Fuel the plot engine with conflict
Many (arguably, most!) periods of history are sites of tumult and change. Use that tumult to shape the conflict and plot in your own novel, and infuse your story with the unique energy of the historical period you’re drawing from.
3. Think about the magic in your novel
Finally – last but not least – we need to think about magic.
How visible is your story’s magic?
Are you going to make magic a known part of your world – something everyone is aware of? Or is it hidden away? In Heather Fawcett’s novel, Emily Wilde’s Encyclopaedia of Faeries, the existence of the fae is commonplace knowledge, allowing us to follow a heroine as she goes on a cosy (albeit somewhat perilous) journey into a village community grappling with supernatural neighbours.
In Shannon Chakraborty’s The City of Brass, the existence of a world of djinn is concealed from normal mortals, which means our protagonist Nahri’s first contact with the world of djinn feels dangerous and wonderous.
Deciding to make your magic commonplace or rare, known or concealed, will impact your plot, your tone and the world of your novel. So it’s worth deciding on the path you want to take early on.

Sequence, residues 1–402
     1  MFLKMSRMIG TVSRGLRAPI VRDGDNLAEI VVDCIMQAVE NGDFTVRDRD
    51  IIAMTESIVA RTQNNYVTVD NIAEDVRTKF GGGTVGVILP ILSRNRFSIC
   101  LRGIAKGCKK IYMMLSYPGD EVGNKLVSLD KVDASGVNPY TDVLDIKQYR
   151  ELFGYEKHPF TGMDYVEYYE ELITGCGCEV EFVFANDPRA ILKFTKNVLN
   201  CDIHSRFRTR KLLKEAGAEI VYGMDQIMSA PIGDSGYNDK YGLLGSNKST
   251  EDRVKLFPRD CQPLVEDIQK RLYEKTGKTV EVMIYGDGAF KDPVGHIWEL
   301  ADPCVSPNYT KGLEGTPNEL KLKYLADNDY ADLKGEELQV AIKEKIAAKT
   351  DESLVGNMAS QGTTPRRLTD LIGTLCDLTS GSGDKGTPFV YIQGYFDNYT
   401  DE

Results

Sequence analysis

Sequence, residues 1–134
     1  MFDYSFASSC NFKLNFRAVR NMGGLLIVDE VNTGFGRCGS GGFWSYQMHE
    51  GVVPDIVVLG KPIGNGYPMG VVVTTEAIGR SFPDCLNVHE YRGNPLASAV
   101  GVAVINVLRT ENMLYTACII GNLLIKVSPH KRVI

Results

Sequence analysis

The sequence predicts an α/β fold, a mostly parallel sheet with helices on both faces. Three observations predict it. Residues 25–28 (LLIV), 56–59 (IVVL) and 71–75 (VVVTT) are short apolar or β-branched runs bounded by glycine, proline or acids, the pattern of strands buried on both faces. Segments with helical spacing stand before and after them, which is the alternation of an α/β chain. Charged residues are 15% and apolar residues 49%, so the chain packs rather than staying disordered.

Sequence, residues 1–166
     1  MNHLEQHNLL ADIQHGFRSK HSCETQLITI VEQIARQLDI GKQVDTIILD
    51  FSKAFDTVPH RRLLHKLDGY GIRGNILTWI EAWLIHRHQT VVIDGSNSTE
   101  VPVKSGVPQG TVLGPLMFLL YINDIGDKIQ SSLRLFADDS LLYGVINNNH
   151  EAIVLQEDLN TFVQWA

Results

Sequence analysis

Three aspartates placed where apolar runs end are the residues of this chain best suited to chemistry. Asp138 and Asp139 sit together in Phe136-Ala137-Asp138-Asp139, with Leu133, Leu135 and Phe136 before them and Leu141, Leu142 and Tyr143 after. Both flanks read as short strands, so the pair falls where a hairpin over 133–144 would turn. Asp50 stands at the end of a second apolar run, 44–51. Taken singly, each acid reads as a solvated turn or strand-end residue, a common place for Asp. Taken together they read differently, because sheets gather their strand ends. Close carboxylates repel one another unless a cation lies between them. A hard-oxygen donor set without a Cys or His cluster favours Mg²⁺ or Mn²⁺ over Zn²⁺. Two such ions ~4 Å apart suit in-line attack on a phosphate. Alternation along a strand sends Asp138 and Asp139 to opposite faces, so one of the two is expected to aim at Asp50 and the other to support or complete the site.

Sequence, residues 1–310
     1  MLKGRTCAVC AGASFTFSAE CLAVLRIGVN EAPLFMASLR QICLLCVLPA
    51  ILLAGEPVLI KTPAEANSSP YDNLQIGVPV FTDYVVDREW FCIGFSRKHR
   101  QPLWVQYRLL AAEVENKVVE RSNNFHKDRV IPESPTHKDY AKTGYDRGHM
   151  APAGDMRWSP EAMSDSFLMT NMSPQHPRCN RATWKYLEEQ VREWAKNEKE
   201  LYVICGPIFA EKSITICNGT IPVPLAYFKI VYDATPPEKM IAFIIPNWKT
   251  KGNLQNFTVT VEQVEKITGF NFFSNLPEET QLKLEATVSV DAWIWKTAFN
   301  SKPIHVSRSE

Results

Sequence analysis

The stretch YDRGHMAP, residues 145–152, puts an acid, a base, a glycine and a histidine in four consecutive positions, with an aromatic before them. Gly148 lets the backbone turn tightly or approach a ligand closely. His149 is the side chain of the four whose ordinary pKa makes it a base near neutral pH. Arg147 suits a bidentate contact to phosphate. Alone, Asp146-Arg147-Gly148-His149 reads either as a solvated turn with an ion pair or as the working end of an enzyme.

Tie your magic to your historical period
A question many writers ask when they first approach historical fantasy is: what kind of magic should I include?
Magic is infinite possibility. Magic can be anything. This is part of the joy of writing fantasy, but also something that makes the process harder. There are just so many possible paths, it’s hard not to feel lost!
Try bringing one magical element in and see how it reshapes your world, and tie that element to something significant about the historical period you’re exploring. For example, Once and Future Witches uses witchcraft as a way to enhance and explore its themes of suffrage and feminism.
As a final note before you move from these tips to diving into writing your own novel – not all of the books I’ve mentioned above were marketed as historical fantasy. Many books that play with historical and fantastical elements are simply marketed as historical fiction or fantasy fiction. But when you’re putting your heart on paper, how your work will be positioned in the market is none of your business.
As a writer alchemising history and fantasy into a concoction of your own making, you want to focus simply on handling the ingredients with the care they deserve. Hopefully with the guidance above, and your own brilliant imagination, you’ll cook up something glorious.